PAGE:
So while Connor was lying on his stomach on the top bunk reading his comics, a howl came from downstairs.

“Connor August Reynolds, get yourself down here right now.” It was the girlfriend. As he stretched himself out, Connor asked himself what he could have missed. The dishes were done, the dog’s water bowl was full, he’d vacuumed the living room. “I’m in the kitchen, Connor. Where are you?”

“I’m on my way, ma’am.” Dad’s girlfriend had never been married and was maybe 35, but Connor had never figured out a better way to address her. Her given name would never have done. He could imagine getting one of those whithering praying mantis looks she gave his father sometimes if he ever called her Caroline. Or Miss Harvey. So ma’am it was.

“There were two packages of cherry tomatoes in here I was going to use for dinner. What have you done with them? Did you snack on them in your room? I tell you over and over again not to eat in your room.”

“I’m sorry ma’am. I didn’t touch them. I don’t eat in my room.”

“Don’t talk back to me. You might be able to get away with that with your father, but not under my roof you won’t. Not with me, young man. Where are my tomatoes?”

That was the crux of it. The house was hers. No matter how cramped it might be with four of them living under that roof, it was paid for with her hard-earned money, and they were an inconvenience at best. So anything they did, any word they uttered was really at her sufferance. What could Connor do?

“I’m sorry ma’am. I didn’t touch the tomatoes. You know I always ask before I eat anything.” That was a risk, Connor, he thought to himself. Sean would give him the what for too for letting his tongue slip like thatTelling her what she should know. There was no getting out of it, now that he’d let the words slip out. No getting away from Caroline Harvey’s punishment.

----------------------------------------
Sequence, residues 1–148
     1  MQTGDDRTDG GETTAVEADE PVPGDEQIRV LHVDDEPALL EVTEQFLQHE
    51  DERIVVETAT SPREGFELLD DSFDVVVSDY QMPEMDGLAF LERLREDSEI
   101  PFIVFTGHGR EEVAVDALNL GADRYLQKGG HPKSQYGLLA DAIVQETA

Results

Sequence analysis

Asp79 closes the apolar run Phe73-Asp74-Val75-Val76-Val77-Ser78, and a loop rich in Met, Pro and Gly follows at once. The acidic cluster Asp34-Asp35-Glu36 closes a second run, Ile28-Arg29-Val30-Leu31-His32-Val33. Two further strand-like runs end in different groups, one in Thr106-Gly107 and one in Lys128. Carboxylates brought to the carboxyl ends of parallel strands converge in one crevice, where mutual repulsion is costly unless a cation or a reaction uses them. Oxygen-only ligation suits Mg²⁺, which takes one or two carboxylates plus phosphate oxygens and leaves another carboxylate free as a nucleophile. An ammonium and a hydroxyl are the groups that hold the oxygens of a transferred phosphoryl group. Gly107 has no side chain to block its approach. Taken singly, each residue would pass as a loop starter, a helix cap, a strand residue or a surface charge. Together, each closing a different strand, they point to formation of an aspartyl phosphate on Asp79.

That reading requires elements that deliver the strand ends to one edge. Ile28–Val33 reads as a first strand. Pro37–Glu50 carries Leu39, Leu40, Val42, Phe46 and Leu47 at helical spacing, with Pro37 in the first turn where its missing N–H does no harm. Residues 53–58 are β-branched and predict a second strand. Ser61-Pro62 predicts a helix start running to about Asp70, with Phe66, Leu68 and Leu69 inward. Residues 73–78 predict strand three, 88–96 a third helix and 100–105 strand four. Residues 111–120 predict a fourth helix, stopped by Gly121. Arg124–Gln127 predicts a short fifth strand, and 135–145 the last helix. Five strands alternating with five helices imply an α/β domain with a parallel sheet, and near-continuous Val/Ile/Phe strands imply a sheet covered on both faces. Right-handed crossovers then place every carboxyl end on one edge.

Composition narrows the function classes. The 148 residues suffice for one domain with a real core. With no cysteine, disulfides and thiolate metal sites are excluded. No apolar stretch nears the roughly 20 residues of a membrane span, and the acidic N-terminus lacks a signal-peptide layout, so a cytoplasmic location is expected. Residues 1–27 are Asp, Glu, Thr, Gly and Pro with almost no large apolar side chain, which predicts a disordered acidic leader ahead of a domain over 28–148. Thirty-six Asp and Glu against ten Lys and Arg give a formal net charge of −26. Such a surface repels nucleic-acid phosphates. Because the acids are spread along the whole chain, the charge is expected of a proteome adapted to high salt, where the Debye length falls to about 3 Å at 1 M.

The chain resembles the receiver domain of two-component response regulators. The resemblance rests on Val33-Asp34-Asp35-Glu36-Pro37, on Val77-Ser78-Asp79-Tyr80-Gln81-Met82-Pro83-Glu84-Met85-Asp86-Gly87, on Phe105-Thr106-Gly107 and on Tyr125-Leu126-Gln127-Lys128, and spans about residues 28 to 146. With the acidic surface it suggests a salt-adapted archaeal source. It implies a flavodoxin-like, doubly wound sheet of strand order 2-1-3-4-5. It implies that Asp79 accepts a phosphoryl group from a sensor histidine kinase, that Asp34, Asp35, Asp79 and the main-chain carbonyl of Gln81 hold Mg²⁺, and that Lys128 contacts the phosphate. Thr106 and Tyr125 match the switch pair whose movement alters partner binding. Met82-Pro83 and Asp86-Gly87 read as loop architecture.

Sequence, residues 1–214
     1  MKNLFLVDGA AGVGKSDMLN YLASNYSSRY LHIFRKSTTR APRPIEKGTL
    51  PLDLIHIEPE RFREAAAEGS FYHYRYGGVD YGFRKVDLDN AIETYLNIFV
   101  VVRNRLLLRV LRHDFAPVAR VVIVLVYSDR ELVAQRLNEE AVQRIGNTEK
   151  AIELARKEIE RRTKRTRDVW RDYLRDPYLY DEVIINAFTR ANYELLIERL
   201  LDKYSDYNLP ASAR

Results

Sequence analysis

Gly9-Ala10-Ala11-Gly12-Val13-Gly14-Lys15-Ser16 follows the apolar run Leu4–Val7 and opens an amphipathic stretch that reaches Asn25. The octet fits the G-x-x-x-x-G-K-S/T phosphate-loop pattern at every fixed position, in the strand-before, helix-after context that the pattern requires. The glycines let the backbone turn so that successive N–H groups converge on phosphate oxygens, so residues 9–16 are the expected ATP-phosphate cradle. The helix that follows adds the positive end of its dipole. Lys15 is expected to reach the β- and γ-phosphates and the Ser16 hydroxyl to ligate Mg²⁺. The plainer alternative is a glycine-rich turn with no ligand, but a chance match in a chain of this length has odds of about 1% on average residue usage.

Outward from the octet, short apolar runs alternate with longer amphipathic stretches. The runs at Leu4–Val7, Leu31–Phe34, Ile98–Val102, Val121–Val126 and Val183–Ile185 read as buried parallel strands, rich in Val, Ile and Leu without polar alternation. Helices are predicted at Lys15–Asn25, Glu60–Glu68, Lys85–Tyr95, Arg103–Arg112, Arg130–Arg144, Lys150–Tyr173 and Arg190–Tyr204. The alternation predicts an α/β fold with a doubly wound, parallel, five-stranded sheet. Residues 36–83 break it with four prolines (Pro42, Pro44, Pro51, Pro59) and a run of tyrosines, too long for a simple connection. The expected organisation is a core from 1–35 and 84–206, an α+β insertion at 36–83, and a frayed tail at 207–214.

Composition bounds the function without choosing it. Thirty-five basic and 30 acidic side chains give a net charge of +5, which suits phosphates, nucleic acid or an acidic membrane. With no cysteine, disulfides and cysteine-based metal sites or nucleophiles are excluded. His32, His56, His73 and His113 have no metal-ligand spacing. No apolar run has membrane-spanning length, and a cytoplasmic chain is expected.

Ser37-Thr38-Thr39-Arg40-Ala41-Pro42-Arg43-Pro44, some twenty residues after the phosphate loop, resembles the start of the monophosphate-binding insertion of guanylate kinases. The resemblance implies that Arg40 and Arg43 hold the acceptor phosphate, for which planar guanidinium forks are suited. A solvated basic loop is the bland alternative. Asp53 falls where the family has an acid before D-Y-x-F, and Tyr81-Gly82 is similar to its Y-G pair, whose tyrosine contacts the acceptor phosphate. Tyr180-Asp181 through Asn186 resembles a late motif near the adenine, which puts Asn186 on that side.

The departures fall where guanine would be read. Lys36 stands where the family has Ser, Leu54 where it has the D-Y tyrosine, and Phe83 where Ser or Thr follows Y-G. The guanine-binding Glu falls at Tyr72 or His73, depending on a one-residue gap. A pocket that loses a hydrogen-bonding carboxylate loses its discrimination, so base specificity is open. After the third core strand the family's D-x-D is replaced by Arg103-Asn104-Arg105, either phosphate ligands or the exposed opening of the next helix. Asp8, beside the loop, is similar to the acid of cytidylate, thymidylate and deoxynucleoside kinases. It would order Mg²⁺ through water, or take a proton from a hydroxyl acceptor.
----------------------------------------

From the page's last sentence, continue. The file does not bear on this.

The reasoning always varied. This week, missing tomatoes might be one thing everything else depended on, next week it would be leaving clothes in the dryer more than five minutes after the drum stopped spinning. But at least once a week he got it. “You know, Sean, it’s not even as though she administers it. She tells me where she wants me to stand and then tells my father I’ve done something horrible. Like eat a tomato. What am I supposed to do.

“Go to the corner, Connor. I’ll have your father deal with you when he gets home. Is it too much to ask that you have even half the grace the good lord gave your brother.” Connor always tried to turn away before she started talking about Mark. She got this faraway look in her face whenever she mentioned him, and sometimes when he was right across from her at the table. “It creeps me out and I don’t want to think about why.” “I have a good idea why, mate, and I don’t want to think about it either. So Connor and his mate Sean had a pact not to talk about why Caroline Harvey’s faraway looks creeped them out..

Connor was 13 and a half and his brother Mark was twelve, but a big twelve. Some uncle was built of bricks and Mark got all those genes. Even though Connor was older, he was slim and couldn’t put on a muscle to win a bet.